And then the focus groups will also share amongst themselves those insights and perspectives, they'll hopefully increase collective understanding of the technologies as well as those ecosystems I keep mentioning.  We're going to look to them to help identify gaps and bright spots as well as to provide examples and data and do what OECD is known for, building up the evidence base to help inform policymakers.  I will stop there.

     >> PAUL FEHLINGER: Thank you so much.  This is such a bold vision, I think, and so necessary in the ecosystem to try to bring together the different threads and basically operate in this level.  We are often surprised by new technology, and I think this forum is an important initiative to get on top of the innovation curve from your point of view.  So fascinating.

     Hiroki, you already mentioned you worked in the field of artificial intelligence.  Many might not have heard about what the agile governance.  Explain it at the legal level of what they say, a 10-year-old.  What does that mean for responsible innovation?

     >> HIROKI HABUKA: The most simple meaning of agile governance is to make our governance systems agile, multistakeholder in a distributed way.  The reason it is clear based on our discussion so far, technology is changing so fast.  And in Japan it takes at least two years to make a new regulation on even revise an existing regulation.  And it is just too long time considering the pace of the speed.

     We needed to change our approaches.  What is the alternative?  Market.  It doesn't necessarily work very well because of a lot of reasons.  For example in the huge information gap between the government and private sectors in the way that the government has now much less information than the private sectors.  Or, you know, negotiation of power.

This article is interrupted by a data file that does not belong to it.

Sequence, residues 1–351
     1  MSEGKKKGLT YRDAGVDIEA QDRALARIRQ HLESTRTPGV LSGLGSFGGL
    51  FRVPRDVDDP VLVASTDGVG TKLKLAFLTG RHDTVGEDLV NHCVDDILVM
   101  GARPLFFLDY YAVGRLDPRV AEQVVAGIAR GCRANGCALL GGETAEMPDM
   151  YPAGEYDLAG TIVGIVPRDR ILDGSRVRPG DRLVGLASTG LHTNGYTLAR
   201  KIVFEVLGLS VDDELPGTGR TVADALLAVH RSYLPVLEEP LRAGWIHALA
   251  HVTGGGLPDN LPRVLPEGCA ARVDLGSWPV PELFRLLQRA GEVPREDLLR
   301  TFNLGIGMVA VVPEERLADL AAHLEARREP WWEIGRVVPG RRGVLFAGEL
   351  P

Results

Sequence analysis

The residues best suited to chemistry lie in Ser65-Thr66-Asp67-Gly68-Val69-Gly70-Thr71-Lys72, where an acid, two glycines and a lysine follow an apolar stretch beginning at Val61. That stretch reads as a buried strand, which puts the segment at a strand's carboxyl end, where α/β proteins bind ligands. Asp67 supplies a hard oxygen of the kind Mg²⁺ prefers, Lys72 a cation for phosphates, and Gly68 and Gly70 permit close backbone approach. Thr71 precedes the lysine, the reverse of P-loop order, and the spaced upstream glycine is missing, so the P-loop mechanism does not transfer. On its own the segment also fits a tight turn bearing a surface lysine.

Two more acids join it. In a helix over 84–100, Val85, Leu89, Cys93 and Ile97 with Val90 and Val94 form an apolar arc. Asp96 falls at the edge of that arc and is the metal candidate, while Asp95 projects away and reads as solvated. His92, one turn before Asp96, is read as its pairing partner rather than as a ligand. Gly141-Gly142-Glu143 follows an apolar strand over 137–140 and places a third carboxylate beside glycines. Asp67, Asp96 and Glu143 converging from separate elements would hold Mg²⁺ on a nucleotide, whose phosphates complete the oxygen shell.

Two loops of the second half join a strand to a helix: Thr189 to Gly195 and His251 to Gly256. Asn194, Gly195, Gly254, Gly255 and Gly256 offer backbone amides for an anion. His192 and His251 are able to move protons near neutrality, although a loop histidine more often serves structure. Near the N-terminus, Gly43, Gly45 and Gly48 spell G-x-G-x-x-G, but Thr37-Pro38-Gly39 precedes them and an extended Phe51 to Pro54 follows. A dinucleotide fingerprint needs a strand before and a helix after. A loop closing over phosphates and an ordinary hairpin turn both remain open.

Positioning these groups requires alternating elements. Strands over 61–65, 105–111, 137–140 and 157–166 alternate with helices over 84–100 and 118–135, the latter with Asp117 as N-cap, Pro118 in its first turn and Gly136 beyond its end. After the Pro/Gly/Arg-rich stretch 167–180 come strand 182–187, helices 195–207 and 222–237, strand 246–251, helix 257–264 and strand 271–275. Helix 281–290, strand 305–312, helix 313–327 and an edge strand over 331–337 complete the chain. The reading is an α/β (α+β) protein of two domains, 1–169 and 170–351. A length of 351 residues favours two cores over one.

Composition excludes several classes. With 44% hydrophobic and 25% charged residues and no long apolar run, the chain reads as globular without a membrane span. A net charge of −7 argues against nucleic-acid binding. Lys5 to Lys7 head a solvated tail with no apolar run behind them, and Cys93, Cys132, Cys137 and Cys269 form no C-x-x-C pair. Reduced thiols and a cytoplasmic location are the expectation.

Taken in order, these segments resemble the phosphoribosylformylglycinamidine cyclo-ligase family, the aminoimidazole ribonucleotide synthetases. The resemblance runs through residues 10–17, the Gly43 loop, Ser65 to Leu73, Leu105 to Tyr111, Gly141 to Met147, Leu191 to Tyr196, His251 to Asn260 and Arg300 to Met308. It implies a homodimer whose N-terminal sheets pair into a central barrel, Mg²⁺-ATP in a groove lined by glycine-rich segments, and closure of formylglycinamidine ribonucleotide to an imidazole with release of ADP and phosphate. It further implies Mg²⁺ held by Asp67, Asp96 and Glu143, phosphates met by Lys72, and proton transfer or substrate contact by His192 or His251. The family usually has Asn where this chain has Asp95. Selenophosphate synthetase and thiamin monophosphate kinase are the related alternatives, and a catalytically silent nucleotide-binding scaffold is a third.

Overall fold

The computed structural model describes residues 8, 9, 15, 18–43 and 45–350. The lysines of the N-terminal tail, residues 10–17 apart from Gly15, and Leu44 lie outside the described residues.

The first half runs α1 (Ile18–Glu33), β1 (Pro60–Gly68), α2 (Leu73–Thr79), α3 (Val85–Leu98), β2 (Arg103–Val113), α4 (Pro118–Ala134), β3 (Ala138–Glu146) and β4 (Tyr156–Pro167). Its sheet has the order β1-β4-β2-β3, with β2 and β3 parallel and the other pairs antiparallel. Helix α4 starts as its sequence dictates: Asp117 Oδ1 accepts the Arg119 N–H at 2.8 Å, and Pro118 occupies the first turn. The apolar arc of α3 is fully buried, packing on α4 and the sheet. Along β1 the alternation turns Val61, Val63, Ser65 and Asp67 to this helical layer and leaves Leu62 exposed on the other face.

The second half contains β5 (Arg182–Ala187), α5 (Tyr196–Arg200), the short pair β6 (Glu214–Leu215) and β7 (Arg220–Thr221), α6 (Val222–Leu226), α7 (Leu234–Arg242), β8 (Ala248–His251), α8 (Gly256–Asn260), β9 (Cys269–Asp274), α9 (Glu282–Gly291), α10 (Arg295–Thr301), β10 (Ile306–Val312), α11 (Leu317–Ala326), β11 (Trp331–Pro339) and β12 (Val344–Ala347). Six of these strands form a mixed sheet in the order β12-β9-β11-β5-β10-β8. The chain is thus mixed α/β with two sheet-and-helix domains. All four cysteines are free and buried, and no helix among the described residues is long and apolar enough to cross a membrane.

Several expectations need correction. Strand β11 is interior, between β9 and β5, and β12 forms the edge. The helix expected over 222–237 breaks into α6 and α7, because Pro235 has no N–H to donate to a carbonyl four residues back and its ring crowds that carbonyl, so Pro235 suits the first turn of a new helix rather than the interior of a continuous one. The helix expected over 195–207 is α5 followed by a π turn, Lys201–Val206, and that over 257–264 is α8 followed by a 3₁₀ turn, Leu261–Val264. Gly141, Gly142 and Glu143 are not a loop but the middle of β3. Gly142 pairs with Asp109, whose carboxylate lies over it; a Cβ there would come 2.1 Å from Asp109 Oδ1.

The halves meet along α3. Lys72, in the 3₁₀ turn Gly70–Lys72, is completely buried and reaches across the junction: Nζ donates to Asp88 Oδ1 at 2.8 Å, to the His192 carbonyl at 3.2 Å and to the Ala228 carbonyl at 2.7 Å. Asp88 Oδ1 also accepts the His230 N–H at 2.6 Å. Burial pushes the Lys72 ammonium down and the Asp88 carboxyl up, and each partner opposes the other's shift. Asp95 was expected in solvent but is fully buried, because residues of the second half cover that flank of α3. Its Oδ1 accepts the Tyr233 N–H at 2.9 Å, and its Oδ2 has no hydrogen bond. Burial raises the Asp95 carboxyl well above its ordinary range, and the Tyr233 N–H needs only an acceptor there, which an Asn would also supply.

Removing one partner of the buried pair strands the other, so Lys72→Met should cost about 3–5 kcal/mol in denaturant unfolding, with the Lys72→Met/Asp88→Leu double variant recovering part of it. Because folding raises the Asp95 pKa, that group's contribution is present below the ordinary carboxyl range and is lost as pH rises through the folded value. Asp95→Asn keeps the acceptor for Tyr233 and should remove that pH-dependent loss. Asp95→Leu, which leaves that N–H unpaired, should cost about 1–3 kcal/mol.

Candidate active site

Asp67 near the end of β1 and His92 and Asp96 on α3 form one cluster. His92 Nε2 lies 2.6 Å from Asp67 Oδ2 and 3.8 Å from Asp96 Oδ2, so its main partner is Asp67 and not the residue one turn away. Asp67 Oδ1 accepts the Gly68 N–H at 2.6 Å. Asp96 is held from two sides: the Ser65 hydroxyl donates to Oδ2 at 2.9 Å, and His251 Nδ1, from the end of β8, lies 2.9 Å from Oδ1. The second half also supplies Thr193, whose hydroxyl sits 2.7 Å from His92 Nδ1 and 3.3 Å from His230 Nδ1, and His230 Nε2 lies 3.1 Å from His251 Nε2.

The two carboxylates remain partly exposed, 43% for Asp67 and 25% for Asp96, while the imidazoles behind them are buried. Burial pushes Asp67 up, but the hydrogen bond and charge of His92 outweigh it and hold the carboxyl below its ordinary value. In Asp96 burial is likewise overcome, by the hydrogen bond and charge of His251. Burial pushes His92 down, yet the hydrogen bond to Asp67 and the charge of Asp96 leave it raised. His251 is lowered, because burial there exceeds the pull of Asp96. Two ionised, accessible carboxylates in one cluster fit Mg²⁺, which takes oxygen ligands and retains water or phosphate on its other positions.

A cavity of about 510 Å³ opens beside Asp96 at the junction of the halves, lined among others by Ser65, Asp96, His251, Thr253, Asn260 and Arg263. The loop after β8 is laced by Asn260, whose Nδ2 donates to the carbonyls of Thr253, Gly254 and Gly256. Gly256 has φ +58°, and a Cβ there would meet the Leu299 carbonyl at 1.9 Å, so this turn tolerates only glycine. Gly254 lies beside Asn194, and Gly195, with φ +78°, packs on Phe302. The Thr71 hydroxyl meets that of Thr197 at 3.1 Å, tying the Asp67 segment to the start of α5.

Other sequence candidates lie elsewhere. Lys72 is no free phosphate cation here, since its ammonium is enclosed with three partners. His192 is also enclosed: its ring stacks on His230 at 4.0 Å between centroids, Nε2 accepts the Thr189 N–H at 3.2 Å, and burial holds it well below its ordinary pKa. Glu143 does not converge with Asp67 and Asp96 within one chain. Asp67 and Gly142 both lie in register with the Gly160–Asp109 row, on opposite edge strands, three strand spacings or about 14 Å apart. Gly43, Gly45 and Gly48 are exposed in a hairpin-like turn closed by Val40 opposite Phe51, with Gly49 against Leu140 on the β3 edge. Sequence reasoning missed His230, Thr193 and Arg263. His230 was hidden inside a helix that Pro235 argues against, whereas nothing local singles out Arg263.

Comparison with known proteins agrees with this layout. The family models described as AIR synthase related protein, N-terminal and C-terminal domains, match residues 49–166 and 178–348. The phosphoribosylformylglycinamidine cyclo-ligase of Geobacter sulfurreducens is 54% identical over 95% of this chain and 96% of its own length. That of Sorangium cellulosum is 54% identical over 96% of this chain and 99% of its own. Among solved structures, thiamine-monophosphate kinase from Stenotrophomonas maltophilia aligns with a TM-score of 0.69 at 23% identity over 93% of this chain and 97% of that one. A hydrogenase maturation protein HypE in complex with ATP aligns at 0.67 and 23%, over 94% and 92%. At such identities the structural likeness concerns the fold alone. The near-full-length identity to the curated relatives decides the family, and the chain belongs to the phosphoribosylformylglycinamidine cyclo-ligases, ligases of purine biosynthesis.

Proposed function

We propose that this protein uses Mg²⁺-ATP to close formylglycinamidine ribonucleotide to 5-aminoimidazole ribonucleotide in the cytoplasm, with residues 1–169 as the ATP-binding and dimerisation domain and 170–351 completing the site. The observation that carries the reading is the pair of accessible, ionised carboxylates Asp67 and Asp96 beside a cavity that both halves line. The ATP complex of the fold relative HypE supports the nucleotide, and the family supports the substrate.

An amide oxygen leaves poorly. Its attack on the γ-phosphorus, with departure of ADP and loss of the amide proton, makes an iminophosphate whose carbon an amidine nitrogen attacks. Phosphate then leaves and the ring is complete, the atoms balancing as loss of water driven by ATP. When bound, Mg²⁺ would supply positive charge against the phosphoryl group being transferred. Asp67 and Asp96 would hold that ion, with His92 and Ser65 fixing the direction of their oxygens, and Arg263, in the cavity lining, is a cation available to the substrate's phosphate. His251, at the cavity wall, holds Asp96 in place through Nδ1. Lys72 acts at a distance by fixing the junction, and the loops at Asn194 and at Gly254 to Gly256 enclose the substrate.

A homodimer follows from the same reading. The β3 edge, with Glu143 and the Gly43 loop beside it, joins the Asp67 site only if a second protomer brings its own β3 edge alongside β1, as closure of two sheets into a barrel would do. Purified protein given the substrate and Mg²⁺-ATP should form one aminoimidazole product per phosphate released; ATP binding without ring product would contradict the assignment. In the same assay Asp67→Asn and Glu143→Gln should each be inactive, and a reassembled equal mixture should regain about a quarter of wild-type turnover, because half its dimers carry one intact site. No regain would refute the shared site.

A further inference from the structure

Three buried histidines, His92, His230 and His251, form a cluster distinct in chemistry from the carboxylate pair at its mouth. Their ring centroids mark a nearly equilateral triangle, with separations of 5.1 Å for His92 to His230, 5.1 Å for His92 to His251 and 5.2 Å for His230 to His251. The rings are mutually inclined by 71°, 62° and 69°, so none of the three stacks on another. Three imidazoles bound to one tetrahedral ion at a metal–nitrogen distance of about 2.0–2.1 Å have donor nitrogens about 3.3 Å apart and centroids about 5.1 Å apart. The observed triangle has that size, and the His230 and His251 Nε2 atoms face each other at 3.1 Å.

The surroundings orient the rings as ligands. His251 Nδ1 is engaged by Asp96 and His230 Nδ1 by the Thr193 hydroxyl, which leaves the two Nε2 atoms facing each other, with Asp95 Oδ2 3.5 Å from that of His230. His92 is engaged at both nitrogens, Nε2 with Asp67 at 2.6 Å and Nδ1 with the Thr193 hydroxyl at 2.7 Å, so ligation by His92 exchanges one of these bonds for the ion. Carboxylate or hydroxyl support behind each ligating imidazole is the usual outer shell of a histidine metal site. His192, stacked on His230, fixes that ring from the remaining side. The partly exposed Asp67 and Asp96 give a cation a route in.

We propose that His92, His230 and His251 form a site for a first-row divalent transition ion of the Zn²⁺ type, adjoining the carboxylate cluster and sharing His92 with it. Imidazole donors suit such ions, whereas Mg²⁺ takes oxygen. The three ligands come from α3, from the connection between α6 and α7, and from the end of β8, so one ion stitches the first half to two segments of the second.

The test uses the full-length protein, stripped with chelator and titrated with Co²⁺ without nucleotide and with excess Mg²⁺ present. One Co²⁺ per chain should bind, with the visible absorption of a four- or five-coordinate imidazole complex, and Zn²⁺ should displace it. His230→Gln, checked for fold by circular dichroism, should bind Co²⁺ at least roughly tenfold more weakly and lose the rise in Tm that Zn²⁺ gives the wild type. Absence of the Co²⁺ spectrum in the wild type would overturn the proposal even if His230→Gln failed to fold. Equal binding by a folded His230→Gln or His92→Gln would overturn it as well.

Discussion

If you just want to use the service provided by the big tech company and if don't have any other options, you just click yes to terms and conditions of privacy policies.  The market is not always perfect.  They have norms and ethics.  Again, it is good, but it is not always so helpful.  First of all, it is really hard to define the meaning of principles like privacy and security and safety because AI is a system which moves just based on the probability.  So it doesn't give you a clear-cut answer.  It always answers in a probabilistic manner.  So we need to define the values which is really difficult.

     And also we are not always correctly understanding what the risks are or how the technology is.  And we just easily get furious about the easy to understand news, but the problem is caused by the new technologies.  But it is also difficult to understand the benefit of the new technologies. 

     For those reasons, for all of the these different mechanism will not work perfect manner.  We have to combine the different tools so that we can make our technology more trustworthy.  And the only solution for only direction we can go is just try different approaches and see if it works or not.  And if it doesn't work very well, we should quickly update it.

     When we talk about regulations, the first question we should ask is, is this activity already regulated or not? If yes, if it is already regulated, for example, in car driving or giving legal advice or medical advice.  Then if you try to make AI do the same work, we need alternative regulation for AI.  But how to make the same question.  Maybe it is better to have another regulation for it.  If the activity is not regulated for human beings, we have to ask why we need a new regulation because of the reason that this is done by AI.

     What is the AI does is statistically analyse the past data and give you the most probable answer which has been done by human beings for long years.  And AI can do it more quickly and efficiently.  It will -- anyway, so we always have to consider the questions.